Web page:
This year's El Niño pattern falls somewhere in between, as the map of SST anomalies above shows. Warm anomalies begin at the South American coast but a warm tongue also stretches far to the west, so it's more of a central or basin-wide El Niño. That may mean its position neither helps nor hurts our chances of wintry weather.
The evolution of equatorial Pacific SST anomalies over the past 12 months. (Image from the NOAA Climate Prediction Center)
As we covered in a previous blog post, El Niño events generally emerge by the late spring or early summer. However, this year's event took shape a bit differently. For most of last winter, SST anomalies hovered around 0.5°C above normal -- the El Niño threshold -- but began to increase late last winter and early in the spring, particularly in the eastern and central Pacific.
So will the early emergence of this year's El Niño also mean an early departure this winter? Current model projections suggest a peak sometime in November or December -- perhaps a month or two earlier than in a typical El Niño year -- with SST anomalies decreasing after that.
In past years where the peak came much earlier than normal, the impacts also shifted earlier in the winter. In 1987-88, SSTs peaked in the early fall, and during the following winter, our frozen precipitation all came by mid-January while February and March were particularly dry.
Since this year's peak SSTs won't come that early and should remain quite strong even late in the winter, we probably won't see such a drastic shift in impacts, but we could potentially see a wet and favorable wintry pattern fade by the late winter.
El Niño isn't the only pattern we're watching in and over the Pacific Ocean. The Pacific Decadal Oscillation (PDO), like ENSO, consists of a warm and cool phase that alter upper-level atmospheric winds. The PDO is currently in the warm phase as it has been since last winter, with above-normal water temperatures off the west coast of North America from Alaska to the equator.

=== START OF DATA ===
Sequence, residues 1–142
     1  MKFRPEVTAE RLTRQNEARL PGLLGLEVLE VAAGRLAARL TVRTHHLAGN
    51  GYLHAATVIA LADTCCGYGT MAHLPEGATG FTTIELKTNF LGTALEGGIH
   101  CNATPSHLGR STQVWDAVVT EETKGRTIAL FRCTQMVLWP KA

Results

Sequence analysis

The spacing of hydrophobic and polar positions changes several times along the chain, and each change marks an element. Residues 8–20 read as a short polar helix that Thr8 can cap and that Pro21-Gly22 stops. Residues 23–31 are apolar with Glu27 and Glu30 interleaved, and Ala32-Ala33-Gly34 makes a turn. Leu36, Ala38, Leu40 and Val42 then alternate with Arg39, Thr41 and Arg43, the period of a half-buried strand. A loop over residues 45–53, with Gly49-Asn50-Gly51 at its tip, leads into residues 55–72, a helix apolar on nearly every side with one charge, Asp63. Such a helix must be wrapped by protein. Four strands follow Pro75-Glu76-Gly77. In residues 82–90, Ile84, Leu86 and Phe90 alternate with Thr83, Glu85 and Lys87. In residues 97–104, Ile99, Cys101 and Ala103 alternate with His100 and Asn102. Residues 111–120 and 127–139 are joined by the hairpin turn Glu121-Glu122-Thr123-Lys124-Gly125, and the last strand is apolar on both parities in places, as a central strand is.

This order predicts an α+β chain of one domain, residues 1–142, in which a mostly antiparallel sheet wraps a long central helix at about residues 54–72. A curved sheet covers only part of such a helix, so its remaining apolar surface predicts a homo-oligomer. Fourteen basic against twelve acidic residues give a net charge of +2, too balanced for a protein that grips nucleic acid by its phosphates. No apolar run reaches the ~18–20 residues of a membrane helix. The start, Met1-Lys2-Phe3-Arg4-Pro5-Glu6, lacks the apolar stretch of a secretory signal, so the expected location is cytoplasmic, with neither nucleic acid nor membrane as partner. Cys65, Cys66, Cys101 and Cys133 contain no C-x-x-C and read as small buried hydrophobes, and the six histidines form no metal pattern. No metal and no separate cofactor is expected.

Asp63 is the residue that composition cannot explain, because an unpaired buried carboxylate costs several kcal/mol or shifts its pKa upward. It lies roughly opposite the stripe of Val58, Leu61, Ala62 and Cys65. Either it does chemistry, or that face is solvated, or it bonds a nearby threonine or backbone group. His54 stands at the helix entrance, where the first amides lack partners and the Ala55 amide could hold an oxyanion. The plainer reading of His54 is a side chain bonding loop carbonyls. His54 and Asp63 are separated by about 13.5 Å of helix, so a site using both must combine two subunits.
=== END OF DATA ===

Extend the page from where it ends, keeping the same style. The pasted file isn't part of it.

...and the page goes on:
Typical impacts during a positive PNA pattern include ridging and warm weather over the western US and troughing and cooler conditions over the east coast.
Researchers have found that when ENSO and the PDO are both in the warm phase, El Niño impacts may be enhanced. In addition, a warm PDO phase significantly favors a positive-phase Pacific/North American (PNA) pattern, which describes how weather patterns set up across the north Pacific and North America.
Last winter, as a result of the warm-phase PDO, the PNA was in the positive phase for most of December, January and February, which favored ridging and warm weather over the western US and troughing with cooler conditions over the east coast.
That pattern was one of the dominant forces behind each of our late-winter precipitation events. More impressively, these events occurred in the absence of a negative North Atlantic Oscillation (NAO) pattern, which is generally a necessary ingredient for our big snowfalls.
Our confidence is high that the PDO and the PNA will remain in similar configuration -- a positive phase -- as we've observed since last year. Along with the active subtropical jet stream and southerly storm track courtesy of El Niño, we expect to have favorable upper-level patterns for wet and wintry weather across the Southeast US for at least part of this winter.
Conditions in the polar jet stream could also impact our chances of seeing wintry weather this year. Stay tuned on Tuesday for our next blog post in this series, which will cover the potential phases of polar patterns for the coming winter.